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Nonfiction

Review: 'Good Things Happen to People You Hate' by Rebecca Fishbein

'Good Things Happen' book cover

Rebecca Fishbein's collection of essays, Good Things Happen to People You Hate (HarperCollins) explores the tragicomic terrains of being a 20-something New York writer, intermingling bedbug infestations, retail day jobs, and a grandmother's death mixed with discussions of anxiety, relationships, and mortality. Throughout, Fishbein, A&S '11, displays a gift for combining lacerating self-deprecation with disarming honesty: "Sex-ed classes teach you that sex will riddle you with disease and unwanted babies but conveniently omit a lot of stuff, like how to make it feel the least bit pleasurable." Good Things, however, is also a vital document of a female writer's experiences during the personal essay–driven landscape of 2010s digital publishing days, before hedge funds and the 2016 election started sucking the air out of journalism. Hilarious and touching in equal measure.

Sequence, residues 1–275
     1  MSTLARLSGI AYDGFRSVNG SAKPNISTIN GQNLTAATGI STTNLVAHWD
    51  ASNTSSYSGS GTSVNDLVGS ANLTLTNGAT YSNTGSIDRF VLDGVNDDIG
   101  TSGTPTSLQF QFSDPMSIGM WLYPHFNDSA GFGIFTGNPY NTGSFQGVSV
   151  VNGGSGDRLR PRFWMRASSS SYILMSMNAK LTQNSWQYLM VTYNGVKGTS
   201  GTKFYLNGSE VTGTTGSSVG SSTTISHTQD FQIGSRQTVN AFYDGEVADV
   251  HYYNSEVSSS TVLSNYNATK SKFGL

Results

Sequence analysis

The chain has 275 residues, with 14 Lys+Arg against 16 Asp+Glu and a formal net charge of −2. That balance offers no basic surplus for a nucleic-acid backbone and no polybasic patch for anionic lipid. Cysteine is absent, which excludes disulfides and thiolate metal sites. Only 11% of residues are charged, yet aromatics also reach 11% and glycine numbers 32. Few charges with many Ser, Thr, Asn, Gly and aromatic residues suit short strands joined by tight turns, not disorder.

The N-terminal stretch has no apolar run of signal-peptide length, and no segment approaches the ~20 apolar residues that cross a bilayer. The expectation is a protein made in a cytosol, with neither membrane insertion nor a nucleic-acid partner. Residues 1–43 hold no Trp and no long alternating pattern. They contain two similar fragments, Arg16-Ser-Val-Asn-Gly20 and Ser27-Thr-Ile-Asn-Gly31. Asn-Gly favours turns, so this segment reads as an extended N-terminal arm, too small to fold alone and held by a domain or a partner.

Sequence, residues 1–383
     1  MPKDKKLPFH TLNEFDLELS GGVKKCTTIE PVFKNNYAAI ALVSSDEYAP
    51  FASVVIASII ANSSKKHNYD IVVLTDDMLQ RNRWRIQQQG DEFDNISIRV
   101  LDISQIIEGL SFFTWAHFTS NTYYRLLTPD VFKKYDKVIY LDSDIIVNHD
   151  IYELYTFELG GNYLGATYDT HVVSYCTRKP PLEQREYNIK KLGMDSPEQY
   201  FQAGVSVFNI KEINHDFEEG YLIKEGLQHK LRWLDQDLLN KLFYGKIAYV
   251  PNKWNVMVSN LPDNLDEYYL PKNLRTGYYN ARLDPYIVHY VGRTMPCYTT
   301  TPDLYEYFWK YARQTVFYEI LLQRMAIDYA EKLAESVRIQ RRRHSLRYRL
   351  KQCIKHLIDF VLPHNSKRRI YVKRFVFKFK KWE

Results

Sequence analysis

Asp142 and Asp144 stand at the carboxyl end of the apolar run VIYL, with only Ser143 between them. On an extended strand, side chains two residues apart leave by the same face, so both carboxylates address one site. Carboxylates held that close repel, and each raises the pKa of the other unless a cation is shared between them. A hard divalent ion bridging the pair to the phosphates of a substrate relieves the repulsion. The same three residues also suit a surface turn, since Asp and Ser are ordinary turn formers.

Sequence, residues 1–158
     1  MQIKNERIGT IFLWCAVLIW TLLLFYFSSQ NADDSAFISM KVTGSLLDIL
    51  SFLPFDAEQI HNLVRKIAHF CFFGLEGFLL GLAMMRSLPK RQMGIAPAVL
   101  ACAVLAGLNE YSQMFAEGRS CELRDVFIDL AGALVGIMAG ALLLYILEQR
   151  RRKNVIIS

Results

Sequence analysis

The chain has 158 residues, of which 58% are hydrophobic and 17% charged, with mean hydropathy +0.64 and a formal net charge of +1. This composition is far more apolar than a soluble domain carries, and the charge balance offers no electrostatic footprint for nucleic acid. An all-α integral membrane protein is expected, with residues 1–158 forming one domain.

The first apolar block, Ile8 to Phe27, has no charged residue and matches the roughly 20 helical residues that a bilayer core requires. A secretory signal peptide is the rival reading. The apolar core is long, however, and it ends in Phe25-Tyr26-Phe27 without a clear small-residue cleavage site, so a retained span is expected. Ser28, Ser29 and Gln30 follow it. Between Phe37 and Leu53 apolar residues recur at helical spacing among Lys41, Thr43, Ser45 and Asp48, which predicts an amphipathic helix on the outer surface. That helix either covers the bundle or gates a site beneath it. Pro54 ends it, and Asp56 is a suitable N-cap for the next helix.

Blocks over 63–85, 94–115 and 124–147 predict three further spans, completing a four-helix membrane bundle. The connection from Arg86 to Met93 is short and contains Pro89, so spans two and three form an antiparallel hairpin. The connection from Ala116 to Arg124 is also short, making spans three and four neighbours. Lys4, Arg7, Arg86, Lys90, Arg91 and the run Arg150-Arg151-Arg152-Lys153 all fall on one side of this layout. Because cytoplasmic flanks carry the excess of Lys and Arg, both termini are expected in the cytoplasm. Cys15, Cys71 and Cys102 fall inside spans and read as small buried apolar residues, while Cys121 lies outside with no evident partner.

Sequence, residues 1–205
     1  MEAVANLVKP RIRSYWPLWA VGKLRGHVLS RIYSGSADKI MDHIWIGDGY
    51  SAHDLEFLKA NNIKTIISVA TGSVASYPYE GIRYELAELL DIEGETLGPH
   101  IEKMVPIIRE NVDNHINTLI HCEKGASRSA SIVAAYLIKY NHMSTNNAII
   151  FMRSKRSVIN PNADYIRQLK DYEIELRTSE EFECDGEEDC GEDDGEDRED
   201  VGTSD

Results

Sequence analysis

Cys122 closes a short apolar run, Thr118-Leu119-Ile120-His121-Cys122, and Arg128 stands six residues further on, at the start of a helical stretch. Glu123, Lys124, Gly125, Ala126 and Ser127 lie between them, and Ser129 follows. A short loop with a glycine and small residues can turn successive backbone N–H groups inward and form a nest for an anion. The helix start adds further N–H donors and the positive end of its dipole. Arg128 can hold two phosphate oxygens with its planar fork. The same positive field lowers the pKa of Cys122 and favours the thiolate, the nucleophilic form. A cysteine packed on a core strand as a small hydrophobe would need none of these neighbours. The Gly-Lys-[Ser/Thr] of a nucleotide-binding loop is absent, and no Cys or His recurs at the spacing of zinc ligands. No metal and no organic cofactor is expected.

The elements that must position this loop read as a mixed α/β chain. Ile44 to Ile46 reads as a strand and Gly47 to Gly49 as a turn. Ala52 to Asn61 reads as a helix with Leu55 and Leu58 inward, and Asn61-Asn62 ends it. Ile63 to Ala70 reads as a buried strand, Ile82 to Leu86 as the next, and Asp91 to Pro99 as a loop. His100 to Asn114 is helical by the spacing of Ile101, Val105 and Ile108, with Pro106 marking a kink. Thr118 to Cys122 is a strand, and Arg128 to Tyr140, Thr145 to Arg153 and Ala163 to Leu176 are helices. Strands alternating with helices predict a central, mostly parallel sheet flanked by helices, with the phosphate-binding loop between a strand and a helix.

Posted in Arts+Culture